How Safe Is Flying?
Other · 5 min read
Today, flying is widely considered to be one of the safest forms of travel, thanks in part to the many advances that have been made in regard to air travel safety over the years.
The aviation industry is undergoing fundamental change, and we are seeing a shift from managing supply to supporting generation of demand. With such in mind, airlines need to see the key benefits in ‘why should I fly’, and this is not just financial. The drive from the destination and its airports to work on coordinated campaigns, communications, protocols, and, to bring trust and reassurance that we are working together to support the destinations development.
The low-cost airlines of the United States, Europe and the Far-East have all worked closely with airports and tourism boards to support routes of strategic interest. In particular, funds and incentives have been created that allow airlines to be supported when deciding new routes, and ensure that airlines have institutions and airports working with them to reduce risk. However, will this be the same as we re-ignite the airline industry? And, can airports and tourism boards still find the incentives needed to help airlines in their business case and planning decisions? Follow me.
According to the UNWTO, 57% of the world’s tourists who travel across international borders each year were transported by air, thus, the importance of connectivity is crucial for the vision of any destination. Put it another way, airline seats are what allows a destination to grow, and, with an increased number of seats, demand generation is easier to develop. Increased arrivals also leads to hotel investment and employment in the hospitality support sectors. If a governmental route development scheme is bringing tourists, such expenses are often greater than any incentive given to support the route.
So, for 20 years we have witnessed many new routes that have brought great tourism development to multiple countries and regions, and prior to the Covid-19 situation, both aviation and tourism were witnessing tremendous success. We have seen aviation in 2019 growing at around 7%, and tourism numbers reaching 1.4 billion in arrivals worldwide.
Therefore it is obvious that aviation is a key contributor to enhanced tourism employment, and effects on GDP are significant. Just to name a few:
It has never been clearer that aviation and tourism are working the same side of the coin. One is obviously dependent on the other.
It goes without saying that since March 2020, both the aviation and international tourism industry have ‘fallen-off-a-cliff’. Air travel hit an all-time low in March with around 90% of the aircraft grounded globally. The resulting effect continued throughout the year and, with 60% to 80% less tourists, it was noted that tourism lost about USD 400 million in revenues.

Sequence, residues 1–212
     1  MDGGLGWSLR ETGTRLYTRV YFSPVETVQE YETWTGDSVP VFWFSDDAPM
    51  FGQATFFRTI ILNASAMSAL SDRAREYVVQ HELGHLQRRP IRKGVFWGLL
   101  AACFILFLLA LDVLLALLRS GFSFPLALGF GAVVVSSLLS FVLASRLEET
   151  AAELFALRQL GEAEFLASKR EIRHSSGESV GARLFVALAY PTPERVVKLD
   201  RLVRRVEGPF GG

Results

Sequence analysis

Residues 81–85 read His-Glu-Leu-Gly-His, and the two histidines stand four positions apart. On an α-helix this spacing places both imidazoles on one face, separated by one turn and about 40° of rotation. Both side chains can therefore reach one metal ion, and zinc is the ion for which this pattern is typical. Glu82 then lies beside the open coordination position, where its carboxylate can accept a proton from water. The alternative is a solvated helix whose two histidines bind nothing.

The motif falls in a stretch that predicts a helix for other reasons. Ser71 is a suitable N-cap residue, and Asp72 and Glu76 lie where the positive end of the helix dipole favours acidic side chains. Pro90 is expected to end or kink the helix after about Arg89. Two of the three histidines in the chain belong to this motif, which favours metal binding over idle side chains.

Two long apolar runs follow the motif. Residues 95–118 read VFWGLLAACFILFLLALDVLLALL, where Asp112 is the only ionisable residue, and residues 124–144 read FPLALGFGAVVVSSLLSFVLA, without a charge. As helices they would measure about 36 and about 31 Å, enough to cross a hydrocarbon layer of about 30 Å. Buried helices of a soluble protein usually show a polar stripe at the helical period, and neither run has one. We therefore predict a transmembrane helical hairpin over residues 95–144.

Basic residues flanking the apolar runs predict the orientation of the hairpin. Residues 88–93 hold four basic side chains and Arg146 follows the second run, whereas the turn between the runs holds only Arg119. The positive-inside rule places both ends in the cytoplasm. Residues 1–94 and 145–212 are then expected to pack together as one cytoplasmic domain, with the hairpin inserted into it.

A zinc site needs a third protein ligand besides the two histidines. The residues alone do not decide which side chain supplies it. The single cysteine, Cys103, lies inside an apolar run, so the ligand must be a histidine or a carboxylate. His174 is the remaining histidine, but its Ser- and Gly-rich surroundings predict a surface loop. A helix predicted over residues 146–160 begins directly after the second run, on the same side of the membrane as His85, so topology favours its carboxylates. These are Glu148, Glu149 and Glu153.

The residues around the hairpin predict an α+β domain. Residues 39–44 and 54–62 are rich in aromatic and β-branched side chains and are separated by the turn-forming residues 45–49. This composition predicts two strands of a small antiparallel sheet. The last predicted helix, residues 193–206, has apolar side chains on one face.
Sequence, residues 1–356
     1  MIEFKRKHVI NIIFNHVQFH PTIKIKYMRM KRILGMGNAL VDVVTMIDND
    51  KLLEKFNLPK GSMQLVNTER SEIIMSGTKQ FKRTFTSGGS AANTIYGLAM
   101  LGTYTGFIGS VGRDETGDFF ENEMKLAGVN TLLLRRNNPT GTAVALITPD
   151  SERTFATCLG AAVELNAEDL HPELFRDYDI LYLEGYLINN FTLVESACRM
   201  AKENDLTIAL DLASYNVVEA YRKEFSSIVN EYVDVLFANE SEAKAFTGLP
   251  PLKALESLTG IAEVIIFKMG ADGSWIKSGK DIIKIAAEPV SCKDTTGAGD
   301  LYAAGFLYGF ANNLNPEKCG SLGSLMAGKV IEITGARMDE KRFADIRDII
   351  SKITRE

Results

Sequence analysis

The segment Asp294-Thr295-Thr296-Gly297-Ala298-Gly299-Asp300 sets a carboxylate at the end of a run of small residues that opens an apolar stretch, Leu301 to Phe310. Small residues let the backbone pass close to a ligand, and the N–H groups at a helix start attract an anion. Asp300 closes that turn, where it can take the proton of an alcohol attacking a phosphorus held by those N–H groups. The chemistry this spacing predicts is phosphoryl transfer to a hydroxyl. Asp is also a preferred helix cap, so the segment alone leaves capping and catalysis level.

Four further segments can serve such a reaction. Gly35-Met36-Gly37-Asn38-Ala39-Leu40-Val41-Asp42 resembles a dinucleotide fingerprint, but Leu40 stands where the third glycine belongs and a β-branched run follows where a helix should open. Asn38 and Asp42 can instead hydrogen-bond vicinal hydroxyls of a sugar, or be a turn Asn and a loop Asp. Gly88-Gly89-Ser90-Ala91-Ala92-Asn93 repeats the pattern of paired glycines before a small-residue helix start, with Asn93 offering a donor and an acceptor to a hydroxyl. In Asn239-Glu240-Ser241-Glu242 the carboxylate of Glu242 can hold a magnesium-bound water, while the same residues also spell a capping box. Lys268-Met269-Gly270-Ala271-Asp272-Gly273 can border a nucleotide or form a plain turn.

Therefore, as we move through 2021, the challenge is quite simple: how to stimulate demand for travel?
We all know that this crisis for tourism and aviation is on a scale never seen before and has nothing to compare with events such 9/11 or the latest global Financial crisis. However, when looking back, to stimulate travel after these events, price-discounting was a key strategy. It seemed that people quickly forgot the issues, and low prices had people rushing back to airlines and destinations alike.
However, it seems this pandemic will need different strategies to get people flying, and, to ensure that people look to become tourists again, we must look for new ways to help stimulate demand. For once, supply (airlift) is not the issue. Planes are readily available. What we must understand is the demand, and, how can airports and destinations now provide the support and risk-reduction needed, to win back the airlines?
Because these previous events left airlines in a much weaker financial position, they were forced to re-assess their entire business and look for ways to operate more cost-effectively. These previous events drove some airlines out of the market, and others to consolidate and to rationalise their hubs and networks. As the recovery from COVID-19 begins, airlines will be focused on increasing network efficiency.
Given the urgency to reduce costs, expect airlines to significantly increase the pressure on airports. Airport costs will likely be a more important factor than ever before, and airlines will be looking for more creative types of route support and incentives. In essence, route development will be more important than ever – attracting and keeping air routes will be the major priority for airport businesses. Airline engagement will be more important than ever – building relationships, understanding their business and drivers, and being a true trusted partner will ensure sustained success.